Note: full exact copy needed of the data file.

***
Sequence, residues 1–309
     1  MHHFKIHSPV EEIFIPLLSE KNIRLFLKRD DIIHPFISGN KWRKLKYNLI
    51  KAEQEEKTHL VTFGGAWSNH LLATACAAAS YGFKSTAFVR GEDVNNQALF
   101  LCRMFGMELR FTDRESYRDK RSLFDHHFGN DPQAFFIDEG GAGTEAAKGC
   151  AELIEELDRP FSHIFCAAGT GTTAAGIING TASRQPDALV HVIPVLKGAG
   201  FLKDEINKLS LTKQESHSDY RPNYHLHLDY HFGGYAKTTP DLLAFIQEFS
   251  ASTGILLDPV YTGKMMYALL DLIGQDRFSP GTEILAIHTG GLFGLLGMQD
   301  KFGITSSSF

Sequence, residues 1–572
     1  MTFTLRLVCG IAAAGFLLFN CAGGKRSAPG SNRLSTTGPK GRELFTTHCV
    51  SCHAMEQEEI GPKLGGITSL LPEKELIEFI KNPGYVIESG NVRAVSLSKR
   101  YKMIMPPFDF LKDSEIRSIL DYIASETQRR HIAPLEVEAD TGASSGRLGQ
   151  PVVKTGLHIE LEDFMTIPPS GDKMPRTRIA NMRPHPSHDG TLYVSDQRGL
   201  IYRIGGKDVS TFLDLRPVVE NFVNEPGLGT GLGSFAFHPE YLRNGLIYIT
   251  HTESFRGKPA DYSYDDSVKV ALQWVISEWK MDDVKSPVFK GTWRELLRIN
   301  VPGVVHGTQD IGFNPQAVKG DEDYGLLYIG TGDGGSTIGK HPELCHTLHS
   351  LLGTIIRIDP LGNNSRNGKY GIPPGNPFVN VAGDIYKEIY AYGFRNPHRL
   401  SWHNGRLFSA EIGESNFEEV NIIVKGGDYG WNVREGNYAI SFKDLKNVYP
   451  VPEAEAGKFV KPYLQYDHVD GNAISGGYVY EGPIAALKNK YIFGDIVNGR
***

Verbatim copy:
Sequence, residues 1–309
     1  MHHFKIHSPV EEIFIPLLSE KNIRLFLKRD DIIHPFISGN KWRKLKYNLI
    51  KAEQEEKTHL VTFGGAWSNH LLATACAAAS YGFKSTAFVR GEDVNNQALF
   101  LCRMFGMELR FTDRESYRDK RSLFDHHFGN DPQAFFIDEG GAGTEAAKGC
   151  AELIEELDRP FSHIFCAAGT GTTAAGIING TASRQPDALV HVIPVLKGAG
   201  FLKDEINKLS LTKQESHSDY RPNYHLHLDY HFGGYAKTTP DLLAFIQEFS
   251  ASTGILLDPV YTGKMMYALL DLIGQDRFSP GTEILAIHTG GLFGLLGMQD
   301  KFGITSSSF

Sequence, residues 1–572
     1  MTFTLRLVCG IAAAGFLLFN CAGGKRSAPG SNRLSTTGPK GRELFTTHCV
    51  SCHAMEQEEI GPKLGGITSL LPEKELIEFI KNPGYVIESG NVRAVSLSKR
   101  YKMIMPPFDF LKDSEIRSIL DYIASETQRR HIAPLEVEAD TGASSGRLGQ
   151  PVVKTGLHIE LEDFMTIPPS GDKMPRTRIA NMRPHPSHDG TLYVSDQRGL
   201  IYRIGGKDVS TFLDLRPVVE NFVNEPGLGT GLGSFAFHPE YLRNGLIYIT
   251  HTESFRGKPA DYSYDDSVKV ALQWVISEWK MDDVKSPVFK GTWRELLRIN
   301  VPGVVHGTQD IGFNPQAVKG DEDYGLLYIG TGDGGSTIGK HPELCHTLHS
   351  LLGTIIRIDP LGNNSRNGKY GIPPGNPFVN VAGDIYKEIY AYGFRNPHRL
   401  SWHNGRLFSA EIGESNFEEV NIIVKGGDYG WNVREGNYAI SFKDLKNVYP
   451  VPEAEAGKFV KPYLQYDHVD GNAISGGYVY EGPIAALKNK YIFGDIVNGR